If it's true as Shakespeare wrote that "A sad tale's best for winter," then now is the time to be reading Pascale Kramer's novel, The Child. The first-person narrative follows Simone whose husband, Claude, is dying of cancer. A love-child Claude had fathered eleven years earlier enters their life--first for a meeting and later to stay with them--and the tensions that arise from the presence of the boy, Gael, is the substance of the novel.
Kramer's presentation of Claude's physical deterioration is bleak and unblinking.
His salmon shirt clung to his bones; the dark circle of his nipples formed a kind of second expression of astonishment through the transparency of the wet fabric. He had gotten caught in the rain or had tried to relieve the nausea that still dazed his features. His clothes gave off a whiff of diarrhea, Simone realized, hearing the excruciating despair in his voice as he said that he would not be having any lunch.
Typically, such suffering in a character would make him sympathetic, but Claude is difficult, severe, and seems to have no realization how his cancer affects Simone. Even worse, he doesn't seem aware of how bringing a child of his he had never met into their lives would only make a bad situation worse.
Simone, though, is only slightly more endearing. She sometimes longs for Claude's death--or at least an escape from her constant care and fear of upsetting him. She would love to feel closeness for the child, but she is unable to manage anything more than fleeting feelings of warmth. She sees herself as caught without the energy or power to struggle for her own freedom.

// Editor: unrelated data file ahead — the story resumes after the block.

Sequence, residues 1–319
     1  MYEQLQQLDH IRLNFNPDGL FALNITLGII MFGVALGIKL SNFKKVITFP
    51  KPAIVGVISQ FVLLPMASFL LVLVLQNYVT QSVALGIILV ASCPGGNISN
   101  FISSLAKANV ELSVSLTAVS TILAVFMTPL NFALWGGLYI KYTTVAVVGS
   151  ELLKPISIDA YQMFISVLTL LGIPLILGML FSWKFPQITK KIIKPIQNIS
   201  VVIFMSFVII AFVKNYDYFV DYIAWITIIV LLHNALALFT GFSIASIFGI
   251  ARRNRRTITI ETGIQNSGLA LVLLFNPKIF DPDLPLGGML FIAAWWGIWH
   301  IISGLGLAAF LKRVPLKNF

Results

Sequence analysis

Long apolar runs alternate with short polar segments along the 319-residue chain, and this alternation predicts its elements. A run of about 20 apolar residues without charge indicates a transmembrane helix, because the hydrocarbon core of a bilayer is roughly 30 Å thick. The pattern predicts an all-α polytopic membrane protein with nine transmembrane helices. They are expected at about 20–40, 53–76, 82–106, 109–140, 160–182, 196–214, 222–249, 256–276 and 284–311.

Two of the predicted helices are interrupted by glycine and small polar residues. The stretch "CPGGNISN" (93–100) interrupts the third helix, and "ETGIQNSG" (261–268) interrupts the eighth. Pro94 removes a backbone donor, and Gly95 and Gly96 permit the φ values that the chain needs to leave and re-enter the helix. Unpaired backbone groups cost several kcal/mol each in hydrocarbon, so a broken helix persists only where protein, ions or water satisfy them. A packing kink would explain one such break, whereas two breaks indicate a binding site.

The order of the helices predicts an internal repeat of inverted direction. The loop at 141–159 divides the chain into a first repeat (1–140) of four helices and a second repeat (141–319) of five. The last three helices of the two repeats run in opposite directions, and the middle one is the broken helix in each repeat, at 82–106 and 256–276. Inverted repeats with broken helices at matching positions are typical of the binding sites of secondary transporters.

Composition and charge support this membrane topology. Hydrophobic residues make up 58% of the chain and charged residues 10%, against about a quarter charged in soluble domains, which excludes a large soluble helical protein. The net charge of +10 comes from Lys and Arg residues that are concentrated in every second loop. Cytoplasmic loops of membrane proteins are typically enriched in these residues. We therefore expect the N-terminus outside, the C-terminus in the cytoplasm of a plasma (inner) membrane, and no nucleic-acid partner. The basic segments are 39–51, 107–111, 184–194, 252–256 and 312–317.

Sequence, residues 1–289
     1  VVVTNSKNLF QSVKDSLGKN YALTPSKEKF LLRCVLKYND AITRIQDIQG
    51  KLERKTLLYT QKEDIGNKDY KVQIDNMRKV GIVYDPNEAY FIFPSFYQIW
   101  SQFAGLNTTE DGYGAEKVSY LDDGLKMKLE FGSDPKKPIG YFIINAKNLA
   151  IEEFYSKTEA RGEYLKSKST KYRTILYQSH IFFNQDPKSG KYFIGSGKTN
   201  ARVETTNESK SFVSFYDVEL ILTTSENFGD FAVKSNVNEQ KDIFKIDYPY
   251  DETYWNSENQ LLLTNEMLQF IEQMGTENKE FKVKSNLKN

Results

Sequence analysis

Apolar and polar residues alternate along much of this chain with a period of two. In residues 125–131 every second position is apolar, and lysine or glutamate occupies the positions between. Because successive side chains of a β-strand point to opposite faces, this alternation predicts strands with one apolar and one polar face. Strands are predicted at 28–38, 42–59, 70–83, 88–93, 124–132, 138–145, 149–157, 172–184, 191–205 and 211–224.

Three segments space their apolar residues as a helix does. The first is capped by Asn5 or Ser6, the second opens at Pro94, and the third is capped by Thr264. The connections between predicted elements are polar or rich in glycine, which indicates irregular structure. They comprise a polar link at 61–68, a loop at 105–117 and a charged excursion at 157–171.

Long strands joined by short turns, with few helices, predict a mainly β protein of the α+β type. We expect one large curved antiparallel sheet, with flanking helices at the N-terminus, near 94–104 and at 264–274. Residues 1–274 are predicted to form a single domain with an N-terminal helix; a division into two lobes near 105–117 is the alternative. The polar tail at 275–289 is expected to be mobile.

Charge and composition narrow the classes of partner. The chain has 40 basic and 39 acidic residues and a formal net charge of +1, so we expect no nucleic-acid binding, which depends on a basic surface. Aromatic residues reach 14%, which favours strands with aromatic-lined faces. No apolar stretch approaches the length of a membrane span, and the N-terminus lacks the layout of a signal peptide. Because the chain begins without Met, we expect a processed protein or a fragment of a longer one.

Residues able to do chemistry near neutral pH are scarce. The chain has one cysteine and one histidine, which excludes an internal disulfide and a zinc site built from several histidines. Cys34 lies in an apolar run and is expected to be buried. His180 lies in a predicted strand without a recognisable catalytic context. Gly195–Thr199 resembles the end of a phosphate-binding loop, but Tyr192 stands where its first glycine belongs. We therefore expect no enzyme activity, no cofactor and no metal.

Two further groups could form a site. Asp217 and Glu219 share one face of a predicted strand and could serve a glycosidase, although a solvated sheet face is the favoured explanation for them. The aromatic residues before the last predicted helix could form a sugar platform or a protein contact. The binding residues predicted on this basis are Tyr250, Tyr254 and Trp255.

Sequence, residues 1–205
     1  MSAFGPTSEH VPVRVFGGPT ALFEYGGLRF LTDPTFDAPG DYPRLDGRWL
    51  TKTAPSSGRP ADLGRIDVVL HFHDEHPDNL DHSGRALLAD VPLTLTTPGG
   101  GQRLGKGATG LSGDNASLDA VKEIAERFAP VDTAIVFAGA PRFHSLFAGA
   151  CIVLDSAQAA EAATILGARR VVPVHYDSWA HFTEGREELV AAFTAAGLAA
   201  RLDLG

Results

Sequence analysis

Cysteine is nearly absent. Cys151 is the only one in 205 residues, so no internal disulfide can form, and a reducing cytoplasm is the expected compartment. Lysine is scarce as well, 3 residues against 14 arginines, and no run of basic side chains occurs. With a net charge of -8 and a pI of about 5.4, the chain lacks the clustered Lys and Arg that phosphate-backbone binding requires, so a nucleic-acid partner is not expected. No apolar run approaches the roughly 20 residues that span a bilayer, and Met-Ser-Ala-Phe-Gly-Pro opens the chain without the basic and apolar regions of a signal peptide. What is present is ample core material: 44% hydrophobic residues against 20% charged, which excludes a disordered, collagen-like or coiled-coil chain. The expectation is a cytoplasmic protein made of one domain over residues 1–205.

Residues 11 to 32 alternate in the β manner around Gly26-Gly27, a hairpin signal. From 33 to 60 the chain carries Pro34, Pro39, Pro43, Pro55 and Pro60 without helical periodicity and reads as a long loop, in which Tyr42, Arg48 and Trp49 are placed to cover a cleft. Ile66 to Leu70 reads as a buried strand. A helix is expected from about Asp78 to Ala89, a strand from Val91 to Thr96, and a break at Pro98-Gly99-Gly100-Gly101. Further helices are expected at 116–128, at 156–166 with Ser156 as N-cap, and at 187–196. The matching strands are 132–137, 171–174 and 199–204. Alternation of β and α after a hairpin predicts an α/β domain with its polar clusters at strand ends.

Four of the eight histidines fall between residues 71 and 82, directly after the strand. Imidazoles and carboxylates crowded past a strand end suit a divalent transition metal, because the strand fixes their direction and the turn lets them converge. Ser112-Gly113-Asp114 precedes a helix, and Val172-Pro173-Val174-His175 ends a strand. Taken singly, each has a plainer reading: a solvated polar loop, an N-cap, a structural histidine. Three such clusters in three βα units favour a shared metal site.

Gael, too, is difficult to like. He is mischievous and manipulative, and his attempt to run away at one point is both cruel and pointless. Yet at least he has his youth to blame. He doesn't understand what Claude is going through, and he doesn't understand why his mother left him for several weeks with these strangers.
Amid this set of broken people, the society around them is breaking as well. The news shows reports of rioting and violence, and the sound of sirens punctuate their days and nights. All in all, it is a life that everyone wants to escape from somehow: Claude from suffering; Simone from responsibility; Gael from confusion.
There is no hint in The Child of rising above the difficulties of life or even hopefulness. Kramer has painted a world and a family that is so sick that even dissolution doesn't seem to be an escape. In a book where both the present and the past are torments, the future holds little promise.